Another significant narrative technique McCann employs is a sense of interconnectivity between the lives of the narrators in the course of a single day. Beyond the fact that all of them hear about or observe the tale of the tightrope walker, each does things that affect the others, often without their knowledge.
This ties into the question about the book’s title, which in turn serves as a central question posed by the book. What is the meaning of “Let the great world spin?” Does it refer to God’s actions or lack thereof? Does it then suggest that a divine source has backed away from responsibility of the world and simply “let it spin,” or allow it to exist without intervention? In contrast, could it be directed toward the human characters, who will never fully comprehend their importance or the connections that bind them together? Should the characters simply let go of attempting to seize the power in their lives and accept that it is ultimately out of their control?
One of the major themes of the novel is the infinite cycle of human action; from death redemption comes. However, McCann avoids the saccharine cliché that no death is needless or that any tragedy can ever be completely redeemed. The mothers who suffer loss at the hands of the Vietnam War are able to form a friendship that rivals blood connections out of their shared sense of grief, but it does not erase the horror of their sons’ untimely death. A character that is able to serve as a surrogate parent to orphaned children is given a new purpose in life, but the children’s loss is no less painful.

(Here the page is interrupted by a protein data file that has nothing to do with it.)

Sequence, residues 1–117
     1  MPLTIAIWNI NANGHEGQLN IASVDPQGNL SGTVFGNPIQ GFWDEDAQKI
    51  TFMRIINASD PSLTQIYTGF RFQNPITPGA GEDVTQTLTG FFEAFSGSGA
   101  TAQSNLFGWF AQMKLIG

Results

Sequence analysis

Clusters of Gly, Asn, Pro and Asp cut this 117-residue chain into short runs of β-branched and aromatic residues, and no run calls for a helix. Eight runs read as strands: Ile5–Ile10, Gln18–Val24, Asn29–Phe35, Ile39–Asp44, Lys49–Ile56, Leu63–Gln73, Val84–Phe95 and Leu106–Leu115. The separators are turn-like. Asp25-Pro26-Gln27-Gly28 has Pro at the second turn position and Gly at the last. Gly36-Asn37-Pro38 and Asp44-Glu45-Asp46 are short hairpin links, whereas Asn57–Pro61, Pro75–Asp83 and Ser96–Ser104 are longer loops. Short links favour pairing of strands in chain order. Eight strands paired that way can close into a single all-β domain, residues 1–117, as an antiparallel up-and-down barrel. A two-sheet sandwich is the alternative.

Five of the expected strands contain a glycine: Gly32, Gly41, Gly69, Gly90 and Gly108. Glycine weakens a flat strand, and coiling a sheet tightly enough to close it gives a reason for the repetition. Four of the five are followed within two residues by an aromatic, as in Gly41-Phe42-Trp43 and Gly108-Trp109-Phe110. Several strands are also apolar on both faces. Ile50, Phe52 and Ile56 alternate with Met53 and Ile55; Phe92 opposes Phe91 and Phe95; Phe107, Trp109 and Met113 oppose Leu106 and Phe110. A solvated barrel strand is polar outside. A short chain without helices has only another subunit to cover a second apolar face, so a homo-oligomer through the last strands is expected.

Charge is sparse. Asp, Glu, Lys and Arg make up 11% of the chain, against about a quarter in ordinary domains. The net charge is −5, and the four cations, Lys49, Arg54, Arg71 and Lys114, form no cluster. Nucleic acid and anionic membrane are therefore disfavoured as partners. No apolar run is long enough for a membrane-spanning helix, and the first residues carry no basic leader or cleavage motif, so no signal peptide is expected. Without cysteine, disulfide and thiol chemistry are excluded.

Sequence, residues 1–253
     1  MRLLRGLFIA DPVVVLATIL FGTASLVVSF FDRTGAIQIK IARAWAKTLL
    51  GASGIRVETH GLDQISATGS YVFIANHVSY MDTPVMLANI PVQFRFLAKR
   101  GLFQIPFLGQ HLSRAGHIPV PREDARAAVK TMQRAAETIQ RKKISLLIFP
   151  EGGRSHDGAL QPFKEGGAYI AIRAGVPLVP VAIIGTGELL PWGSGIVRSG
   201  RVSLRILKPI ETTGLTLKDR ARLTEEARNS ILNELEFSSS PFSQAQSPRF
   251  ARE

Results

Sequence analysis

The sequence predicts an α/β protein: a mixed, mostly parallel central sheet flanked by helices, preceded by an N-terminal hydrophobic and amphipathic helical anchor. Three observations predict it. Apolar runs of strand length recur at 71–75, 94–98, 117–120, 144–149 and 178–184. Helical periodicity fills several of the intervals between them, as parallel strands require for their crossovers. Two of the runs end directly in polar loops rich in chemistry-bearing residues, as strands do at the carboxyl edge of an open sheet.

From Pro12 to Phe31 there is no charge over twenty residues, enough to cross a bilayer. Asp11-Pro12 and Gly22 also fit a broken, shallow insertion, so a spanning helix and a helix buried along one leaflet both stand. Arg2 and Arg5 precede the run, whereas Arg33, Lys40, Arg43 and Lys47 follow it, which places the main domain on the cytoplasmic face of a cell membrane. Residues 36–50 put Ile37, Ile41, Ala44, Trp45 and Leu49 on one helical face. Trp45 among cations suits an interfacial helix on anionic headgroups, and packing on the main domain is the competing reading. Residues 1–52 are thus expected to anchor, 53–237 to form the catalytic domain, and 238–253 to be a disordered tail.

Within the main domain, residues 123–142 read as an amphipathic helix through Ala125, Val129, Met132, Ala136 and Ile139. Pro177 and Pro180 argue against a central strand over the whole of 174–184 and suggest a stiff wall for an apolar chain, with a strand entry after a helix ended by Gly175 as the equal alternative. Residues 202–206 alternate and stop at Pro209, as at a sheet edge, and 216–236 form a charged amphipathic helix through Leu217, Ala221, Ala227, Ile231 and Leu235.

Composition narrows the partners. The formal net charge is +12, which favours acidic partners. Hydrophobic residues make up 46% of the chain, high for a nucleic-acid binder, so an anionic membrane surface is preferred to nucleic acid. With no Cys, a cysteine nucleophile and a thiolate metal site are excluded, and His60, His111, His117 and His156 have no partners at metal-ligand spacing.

Rebuilding is necessary, but McCann seems to insist that it cannot be done with ignorance or irresponsibility. This is exemplified in one scene when the two artists view ruined artwork in two ways: one sees it as an opportunity to try a new style of art, while the other recognizes it as a symbol of the pointlessness of their work and the destructive nature of their actions.
If the title is taken to connote a lack of divine intervention, then the human characters are solely responsible for the destruction in the book. However, they are also responsible for the development and redemption that arises from it. The world spins, the cycle of destruction and redemption and back again continues, but a few humans can carve out connections to each other that make their lives at least temporarily meaningful.
Finally, one must question why Let the Great World Spin is termed a “9/11 book.” The event is not recounted in the novel, nor is it explicitly mentioned. Instead, it serves as a shadow hanging over the awe of the characters at the tightrope walker’s exploits. The characters begin innocent in the sense that the war is apart from them, separate from their daily lives. However, as their actions and the looming attack in the future demonstrate, the human capacity to destroy is constantly evoked. Beyond this, however, the book also shows how humans unite in the face of this destruction.
This reviewer, lacking sufficient foresight, cannot determine if Let the Great World Spin can be termed “great literature” that will be taught to our children in English classes to come. However, it definitely is a great book.